The very best memories connecting us to time and place are often stimulated by the tastes and smells of our childhood. Freshly-baked bread, hot from the oven, sweet homemade jam dribbling down our chins or the burst of flavor in each dried grape-these memories bring a smile to our faces even as they call to mind the people who made them possible.
Do you remember working alongside your grandmother as she lovingly preserved garden fresh foods to put up for the winter? You watched Grandfather (Jiddo) patiently prepare his arak, but could you reproduce his efforts from memory? Are you lucky enough that they kept written records of recipes gleaned from family history and years of experience? If so, count yourself among a very fortunate minority.
The reality for many of us is that we no longer enjoy such a strong connection to our culinary roots. As much as we might wish the contrary, the beauty and simplicity of home-preserved pantry items—the mouneh—taken for granted during our childhood, often seems a lifetime away.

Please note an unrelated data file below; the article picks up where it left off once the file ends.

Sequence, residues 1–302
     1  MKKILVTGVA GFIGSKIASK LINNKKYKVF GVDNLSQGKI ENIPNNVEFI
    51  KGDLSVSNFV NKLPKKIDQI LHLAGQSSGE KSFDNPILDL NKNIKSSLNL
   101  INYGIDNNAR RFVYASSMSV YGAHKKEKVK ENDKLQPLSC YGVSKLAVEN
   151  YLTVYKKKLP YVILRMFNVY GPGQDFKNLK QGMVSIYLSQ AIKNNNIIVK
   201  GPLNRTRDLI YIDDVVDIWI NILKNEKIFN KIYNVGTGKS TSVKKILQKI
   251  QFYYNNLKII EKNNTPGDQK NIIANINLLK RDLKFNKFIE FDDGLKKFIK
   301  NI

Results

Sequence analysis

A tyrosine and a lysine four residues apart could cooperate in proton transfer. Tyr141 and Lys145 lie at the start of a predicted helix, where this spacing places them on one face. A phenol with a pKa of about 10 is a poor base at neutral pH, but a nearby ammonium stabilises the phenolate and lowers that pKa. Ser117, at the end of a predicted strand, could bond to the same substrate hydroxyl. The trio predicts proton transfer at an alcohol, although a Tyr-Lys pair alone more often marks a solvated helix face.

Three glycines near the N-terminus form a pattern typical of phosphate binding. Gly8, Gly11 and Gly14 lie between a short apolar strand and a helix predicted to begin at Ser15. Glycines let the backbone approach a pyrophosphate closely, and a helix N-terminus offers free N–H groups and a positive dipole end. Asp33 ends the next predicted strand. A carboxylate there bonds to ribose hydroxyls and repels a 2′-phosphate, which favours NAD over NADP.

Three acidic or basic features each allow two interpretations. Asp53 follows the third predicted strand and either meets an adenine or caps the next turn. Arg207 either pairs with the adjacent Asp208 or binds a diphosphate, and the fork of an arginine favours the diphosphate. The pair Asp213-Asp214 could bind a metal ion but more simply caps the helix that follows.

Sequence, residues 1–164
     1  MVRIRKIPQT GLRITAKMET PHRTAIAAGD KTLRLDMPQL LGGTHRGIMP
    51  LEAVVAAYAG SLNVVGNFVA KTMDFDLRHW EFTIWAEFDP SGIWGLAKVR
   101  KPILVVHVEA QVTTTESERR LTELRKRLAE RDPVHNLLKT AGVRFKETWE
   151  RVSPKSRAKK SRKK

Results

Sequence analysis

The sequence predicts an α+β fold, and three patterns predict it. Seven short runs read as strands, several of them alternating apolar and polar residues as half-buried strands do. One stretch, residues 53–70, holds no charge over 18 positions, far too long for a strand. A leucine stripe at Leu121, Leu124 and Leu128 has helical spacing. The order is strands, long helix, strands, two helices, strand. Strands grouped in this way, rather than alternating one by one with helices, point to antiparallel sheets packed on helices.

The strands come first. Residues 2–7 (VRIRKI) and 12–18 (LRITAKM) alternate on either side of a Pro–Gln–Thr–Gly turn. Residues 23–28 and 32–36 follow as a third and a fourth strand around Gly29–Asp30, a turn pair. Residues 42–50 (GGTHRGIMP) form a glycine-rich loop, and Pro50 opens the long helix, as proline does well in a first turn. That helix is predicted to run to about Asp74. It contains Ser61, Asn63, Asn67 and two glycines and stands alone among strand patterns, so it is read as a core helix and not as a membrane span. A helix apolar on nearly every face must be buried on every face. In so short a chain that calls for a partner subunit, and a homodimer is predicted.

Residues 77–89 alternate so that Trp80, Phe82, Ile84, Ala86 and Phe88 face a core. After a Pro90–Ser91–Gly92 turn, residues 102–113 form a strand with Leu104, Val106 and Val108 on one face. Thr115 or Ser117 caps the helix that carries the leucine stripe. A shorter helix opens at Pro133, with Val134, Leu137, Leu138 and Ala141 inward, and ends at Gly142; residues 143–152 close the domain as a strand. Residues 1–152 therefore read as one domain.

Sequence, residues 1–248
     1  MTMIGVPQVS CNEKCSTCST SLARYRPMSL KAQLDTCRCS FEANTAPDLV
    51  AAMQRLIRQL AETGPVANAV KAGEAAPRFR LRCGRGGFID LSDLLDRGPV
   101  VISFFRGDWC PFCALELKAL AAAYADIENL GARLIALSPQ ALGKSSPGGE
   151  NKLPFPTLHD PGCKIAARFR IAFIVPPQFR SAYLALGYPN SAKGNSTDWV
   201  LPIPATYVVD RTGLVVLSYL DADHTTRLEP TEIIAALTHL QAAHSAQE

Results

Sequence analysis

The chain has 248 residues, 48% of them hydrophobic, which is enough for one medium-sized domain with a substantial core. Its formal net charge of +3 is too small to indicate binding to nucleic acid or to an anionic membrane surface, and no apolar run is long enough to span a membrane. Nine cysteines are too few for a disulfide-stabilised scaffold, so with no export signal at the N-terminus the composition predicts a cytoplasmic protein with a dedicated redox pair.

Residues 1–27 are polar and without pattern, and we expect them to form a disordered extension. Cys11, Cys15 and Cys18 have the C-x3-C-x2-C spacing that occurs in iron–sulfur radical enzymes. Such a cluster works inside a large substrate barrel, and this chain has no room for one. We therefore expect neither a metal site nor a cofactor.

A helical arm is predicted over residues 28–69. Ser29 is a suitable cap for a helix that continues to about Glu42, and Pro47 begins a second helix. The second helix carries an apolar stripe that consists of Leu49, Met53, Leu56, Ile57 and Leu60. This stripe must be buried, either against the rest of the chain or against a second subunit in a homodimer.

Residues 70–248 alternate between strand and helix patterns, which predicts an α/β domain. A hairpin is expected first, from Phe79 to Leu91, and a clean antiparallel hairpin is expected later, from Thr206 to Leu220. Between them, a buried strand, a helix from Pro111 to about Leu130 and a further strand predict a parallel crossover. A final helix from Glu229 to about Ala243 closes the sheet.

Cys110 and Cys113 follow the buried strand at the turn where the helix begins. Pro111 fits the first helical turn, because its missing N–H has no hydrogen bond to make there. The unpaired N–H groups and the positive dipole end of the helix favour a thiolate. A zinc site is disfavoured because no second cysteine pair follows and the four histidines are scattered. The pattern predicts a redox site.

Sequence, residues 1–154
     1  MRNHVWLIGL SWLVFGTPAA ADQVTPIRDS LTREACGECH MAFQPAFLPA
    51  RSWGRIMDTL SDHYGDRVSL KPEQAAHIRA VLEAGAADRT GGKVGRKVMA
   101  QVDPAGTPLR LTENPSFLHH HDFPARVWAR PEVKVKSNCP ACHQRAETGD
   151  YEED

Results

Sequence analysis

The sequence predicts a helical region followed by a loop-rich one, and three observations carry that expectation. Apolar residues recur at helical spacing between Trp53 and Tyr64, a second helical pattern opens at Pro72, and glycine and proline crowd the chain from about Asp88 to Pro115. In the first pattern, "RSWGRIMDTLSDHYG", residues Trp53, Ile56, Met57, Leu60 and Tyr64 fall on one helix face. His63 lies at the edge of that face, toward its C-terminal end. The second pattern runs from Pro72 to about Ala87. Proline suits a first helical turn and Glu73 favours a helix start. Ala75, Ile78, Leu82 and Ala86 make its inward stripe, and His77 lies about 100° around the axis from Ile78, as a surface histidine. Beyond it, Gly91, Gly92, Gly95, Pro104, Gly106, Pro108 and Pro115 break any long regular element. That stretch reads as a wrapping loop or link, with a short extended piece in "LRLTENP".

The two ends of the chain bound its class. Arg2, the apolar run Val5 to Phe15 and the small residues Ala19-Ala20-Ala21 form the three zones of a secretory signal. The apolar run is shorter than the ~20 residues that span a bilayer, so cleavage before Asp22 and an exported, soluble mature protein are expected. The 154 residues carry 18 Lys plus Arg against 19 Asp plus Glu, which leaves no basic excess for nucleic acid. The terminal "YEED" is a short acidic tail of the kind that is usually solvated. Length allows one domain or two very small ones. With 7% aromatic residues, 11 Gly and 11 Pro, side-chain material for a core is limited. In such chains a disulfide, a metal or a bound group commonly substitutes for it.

In Barbara Abdeni Massaad's book, Mouneh: Preserving Foods for the Lebanese Pantry, we've been thrown a lifeline to a piece of our cultural and culinary identity. So many things we would love to recreate for our own families become possible within these pages, thanks to the author's diligent research, stunning photography, simply presented instructions and delightful stories.